When we arrived a year ago the whole town seemed giddy with their enthusiasm for spring, more enthusiastic than I remembered spring fever in Colorado. It reminded me of the ecstatic spring thaws in Maine, where it really freezes solid. Maine is colder than Queenstown, but Queenstown suffers dramatically from the lack of sun. The days are short. The sun was barely peaking over the mountains on the far side of the lake at 10 am. The town is in the shadow of the mountains except for midday. The playground in the primary school gets barely a couple hours of direct sun a day in the winter. Our house had direct sunlight from mid morning to mid afternoon. My new friend in Bob's Cove, the next bay over from our house, was explaining to me that each fall her husband gets depressed with the coming of winter because they almost completely lose the sun for the entire winter. Last fall I thought she was exaggerating. Now I get it. Luckily we were up on the sunny ski fields much of the winter.

When spring break arrived and Doug looked just about to start up work again, I suggested to Doug that a break to the warmth, ocean and water was just what we all needed. Amazingly Doug agreed. He even admitted for the first time winter was a little too long for him too! At the last minute we booked fights to Fiji, which is just three hours from NZ.

We barely had time to plan a trip and knew nothing about Fiji. Usually I like to plan (or not plan) my own adventures but this time we contacted Destination World listed in Conde Nast as Fiji/South Pacific specialists. I told them our dates and that we wanted quiet sandy beaches and snorkeling. We really didn't care about anything else. They planned a fabulous itinerary for us.

Because we took so many pictures on our ten day vacation, I have grouped them to limit the number of photos in each slideshow. This first slideshow includes pictures from our first night in Nadi and then a three night cruise with Blue Lagoon Cruises through the Yasawa Islands.

We had to spend our first night in Nadi because flights from NZ arrive too late to catch the cruise on the same day. Nadi is not somewhere I would choose for a vacation. We stayed at First Landing, which was quiet. They even put us in a villa with a private pool. Dinner at First Landing was served at tables on the beach and the boys started building sand castles in the dark waiting for their food.

While both Doug and I have always lifted our noses at the idea of a cruise, we actually really enjoyed this one. We spent the days swimming and playing on incredible beaches and the group was small, especially since the boat was only half full. The crew was great, especially with Colin and Liam, the only two kids on board. The cruise director said they had about 15 kids the week before our trip and another group of children the week following our trip but that our week was a quiet one except for my two boys. The cruise usually has more children during the Australian and New Zealand school holidays and is quieter at other times. We were the only Americans on the cruise. We cruised with Australians, French, Swiss, Brits, Canadians, Kiwis and Fijians. Our last night was the international competition. We were unsure whether we should compete with the Kiwis or as Americans. In the end we competed as Americans and sang "Take Me Out to the Ball Game." Doug introduced us explaining that October in the US is the season of presidential elections and, more importantly but much less entertaining, the Baseball World Series. We didn't bring down the house, but luckily we let Colin and Liam carry the show and we had the "cute" kid factor to get us through the performance. The Fijians put the rest of the nationalities to shame with their dances and songs under the stars on the beach. One Indo-Fijian woman performed a beautiful solo song and dance to end the evening.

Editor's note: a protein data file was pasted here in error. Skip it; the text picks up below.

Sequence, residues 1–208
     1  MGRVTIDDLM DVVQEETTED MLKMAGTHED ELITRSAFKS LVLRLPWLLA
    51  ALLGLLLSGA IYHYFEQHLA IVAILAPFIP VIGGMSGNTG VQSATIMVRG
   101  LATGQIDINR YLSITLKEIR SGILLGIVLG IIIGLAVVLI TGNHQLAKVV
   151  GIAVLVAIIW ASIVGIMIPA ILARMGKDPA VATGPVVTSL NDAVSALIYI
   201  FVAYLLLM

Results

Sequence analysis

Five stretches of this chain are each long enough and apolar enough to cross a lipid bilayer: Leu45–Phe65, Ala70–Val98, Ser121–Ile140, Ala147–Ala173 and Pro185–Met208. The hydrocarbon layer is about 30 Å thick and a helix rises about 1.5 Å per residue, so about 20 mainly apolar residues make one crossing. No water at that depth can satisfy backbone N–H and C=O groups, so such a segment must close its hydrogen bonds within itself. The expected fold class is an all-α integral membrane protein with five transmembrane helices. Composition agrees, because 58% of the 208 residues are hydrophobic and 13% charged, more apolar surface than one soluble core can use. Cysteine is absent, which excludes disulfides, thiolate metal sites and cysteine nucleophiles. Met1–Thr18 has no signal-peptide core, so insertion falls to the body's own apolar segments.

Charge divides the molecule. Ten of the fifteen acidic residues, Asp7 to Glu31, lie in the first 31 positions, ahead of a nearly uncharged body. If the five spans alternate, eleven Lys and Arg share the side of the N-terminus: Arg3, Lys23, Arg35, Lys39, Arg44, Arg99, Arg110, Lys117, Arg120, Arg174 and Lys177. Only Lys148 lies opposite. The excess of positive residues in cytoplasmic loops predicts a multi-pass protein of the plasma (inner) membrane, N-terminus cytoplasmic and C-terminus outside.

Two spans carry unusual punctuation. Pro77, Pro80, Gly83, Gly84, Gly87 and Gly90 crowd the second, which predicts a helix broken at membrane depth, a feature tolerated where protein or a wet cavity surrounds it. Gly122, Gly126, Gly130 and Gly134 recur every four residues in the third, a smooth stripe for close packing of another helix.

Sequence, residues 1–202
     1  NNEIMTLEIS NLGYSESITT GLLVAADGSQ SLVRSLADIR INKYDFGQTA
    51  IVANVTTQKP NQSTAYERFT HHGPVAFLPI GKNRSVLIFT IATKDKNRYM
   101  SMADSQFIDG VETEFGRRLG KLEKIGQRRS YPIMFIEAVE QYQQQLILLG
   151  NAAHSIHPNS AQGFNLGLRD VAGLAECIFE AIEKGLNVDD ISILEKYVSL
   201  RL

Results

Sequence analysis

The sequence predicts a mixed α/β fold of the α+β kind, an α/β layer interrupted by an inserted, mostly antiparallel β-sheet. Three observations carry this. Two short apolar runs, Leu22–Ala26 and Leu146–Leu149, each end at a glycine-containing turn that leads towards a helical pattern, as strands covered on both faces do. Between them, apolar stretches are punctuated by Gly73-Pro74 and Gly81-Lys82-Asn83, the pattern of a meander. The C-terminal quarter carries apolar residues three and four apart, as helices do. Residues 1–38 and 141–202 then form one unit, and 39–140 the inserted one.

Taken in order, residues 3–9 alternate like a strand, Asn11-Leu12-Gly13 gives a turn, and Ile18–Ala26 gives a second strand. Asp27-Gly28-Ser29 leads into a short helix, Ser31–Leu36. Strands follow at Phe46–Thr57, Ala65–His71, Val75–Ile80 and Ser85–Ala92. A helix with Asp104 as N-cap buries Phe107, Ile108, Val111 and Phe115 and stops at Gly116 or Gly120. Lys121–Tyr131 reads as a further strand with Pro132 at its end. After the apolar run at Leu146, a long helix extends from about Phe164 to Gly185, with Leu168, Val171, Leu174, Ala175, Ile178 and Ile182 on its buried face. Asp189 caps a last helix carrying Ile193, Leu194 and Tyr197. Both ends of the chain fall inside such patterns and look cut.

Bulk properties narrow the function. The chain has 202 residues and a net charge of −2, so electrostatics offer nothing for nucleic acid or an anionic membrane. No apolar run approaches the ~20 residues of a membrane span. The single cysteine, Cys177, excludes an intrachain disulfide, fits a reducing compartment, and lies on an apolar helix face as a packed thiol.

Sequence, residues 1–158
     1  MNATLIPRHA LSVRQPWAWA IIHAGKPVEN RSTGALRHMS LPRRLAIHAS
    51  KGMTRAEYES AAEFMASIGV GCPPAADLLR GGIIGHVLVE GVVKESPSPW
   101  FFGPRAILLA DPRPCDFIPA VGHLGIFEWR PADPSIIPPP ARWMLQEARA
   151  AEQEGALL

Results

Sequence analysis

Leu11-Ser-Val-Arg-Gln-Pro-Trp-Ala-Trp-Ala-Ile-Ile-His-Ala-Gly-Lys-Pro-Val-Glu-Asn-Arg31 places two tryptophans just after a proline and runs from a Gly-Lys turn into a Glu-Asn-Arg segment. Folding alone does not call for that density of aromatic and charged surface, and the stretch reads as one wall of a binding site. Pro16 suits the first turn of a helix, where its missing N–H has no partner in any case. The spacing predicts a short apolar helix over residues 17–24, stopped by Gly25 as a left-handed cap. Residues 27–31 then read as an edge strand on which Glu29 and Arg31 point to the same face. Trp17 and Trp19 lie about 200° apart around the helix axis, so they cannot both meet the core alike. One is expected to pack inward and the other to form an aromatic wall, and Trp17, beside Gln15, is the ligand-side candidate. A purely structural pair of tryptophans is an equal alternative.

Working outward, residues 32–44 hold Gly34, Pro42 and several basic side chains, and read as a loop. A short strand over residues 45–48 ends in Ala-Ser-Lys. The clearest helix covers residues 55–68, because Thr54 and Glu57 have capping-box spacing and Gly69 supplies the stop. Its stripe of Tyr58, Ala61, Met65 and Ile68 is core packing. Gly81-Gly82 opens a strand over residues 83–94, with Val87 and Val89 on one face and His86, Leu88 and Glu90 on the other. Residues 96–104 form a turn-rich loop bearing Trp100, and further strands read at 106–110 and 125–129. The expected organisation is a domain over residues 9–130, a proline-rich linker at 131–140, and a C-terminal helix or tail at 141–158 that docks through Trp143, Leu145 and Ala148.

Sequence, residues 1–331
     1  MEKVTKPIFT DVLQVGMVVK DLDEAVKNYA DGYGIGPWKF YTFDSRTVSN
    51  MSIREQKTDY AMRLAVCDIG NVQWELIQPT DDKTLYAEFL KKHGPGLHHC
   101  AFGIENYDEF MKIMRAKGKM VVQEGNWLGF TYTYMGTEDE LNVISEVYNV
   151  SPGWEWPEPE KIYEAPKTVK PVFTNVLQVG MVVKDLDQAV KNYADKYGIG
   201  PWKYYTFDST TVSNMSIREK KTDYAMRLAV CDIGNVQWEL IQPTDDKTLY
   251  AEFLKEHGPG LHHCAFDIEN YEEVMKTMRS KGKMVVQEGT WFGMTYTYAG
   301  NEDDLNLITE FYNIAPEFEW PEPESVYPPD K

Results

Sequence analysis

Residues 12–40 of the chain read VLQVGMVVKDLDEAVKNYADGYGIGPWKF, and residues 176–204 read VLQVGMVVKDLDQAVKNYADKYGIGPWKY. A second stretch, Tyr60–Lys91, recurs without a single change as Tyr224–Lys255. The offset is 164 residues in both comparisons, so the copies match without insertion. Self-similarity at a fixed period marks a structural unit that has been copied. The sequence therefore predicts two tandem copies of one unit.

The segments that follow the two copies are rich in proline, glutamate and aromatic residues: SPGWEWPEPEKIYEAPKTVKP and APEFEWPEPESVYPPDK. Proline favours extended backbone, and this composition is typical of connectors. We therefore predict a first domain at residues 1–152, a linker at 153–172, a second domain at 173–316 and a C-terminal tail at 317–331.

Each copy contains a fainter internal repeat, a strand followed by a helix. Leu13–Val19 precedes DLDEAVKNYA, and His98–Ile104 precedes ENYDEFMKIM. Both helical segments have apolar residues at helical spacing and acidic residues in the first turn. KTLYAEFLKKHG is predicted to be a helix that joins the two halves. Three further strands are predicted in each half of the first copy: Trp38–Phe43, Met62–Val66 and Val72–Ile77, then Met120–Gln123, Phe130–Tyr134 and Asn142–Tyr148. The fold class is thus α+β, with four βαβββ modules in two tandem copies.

Saturday, October 25, 2008

Our One Year Anniversary

Today is the one year anniversary of our arrival in New Zealand. The task of describing all my thoughts after a year in our new home is too daunting to tackle in one blog entry.

Some quick thoughts we've shared at the dinner table the last few days:

1. All four of us have worked hard in different ways to root ourselves into our new community and to make new connections.
Doug - playing and coaching sports and his local investment group that he meets with monthly.
Carolyn - volunteering at school with sausage sizzles, Shelterbox, skiing, Tournament of the Minds and in the boys' classrooms, also with the NZ United World College Trust based in Queenstown.
Liam - sports, school extracurricular activities like Chess, Tournament of the Minds and the Family Arts and Variety Show.
Colin - school, Chess and joining the Queenstown Alpine Ski Team.

Being in school five days a week and in sports lots of afternoon, the boys are our cultural consultants/ambassadors. Liam helps with vocabulary and grammar. Learned is spelled learnt. Hair along your forehead is a fringe, not bangs. Colin is our pronunciation guru, especially with Maori words. In fact, he has discerned two acceptable pronunciations of Maori: Mar-ree or Mao-di. He was once again instructing Liam and me on the way home from school on Friday.

2. Sometimes this move feels like a reality show idea or social experiment - a family of four picks up and moves to a location where they don't have a single friend, acquaintance or connection...watch while they try to settle into a their new life.

3. Each of us decided that even if we were able to roll back the clock and decide whether to do this move, knowing what we know now, we would still choose to move to NZ, and particularly Queenstown.

4. Though there are few new lessons/challenges:
Doug - Working from home - setting up a space/time that is quiet and uninterrupted by the rest of the household. Missing the interaction/stimulus of his colleagues.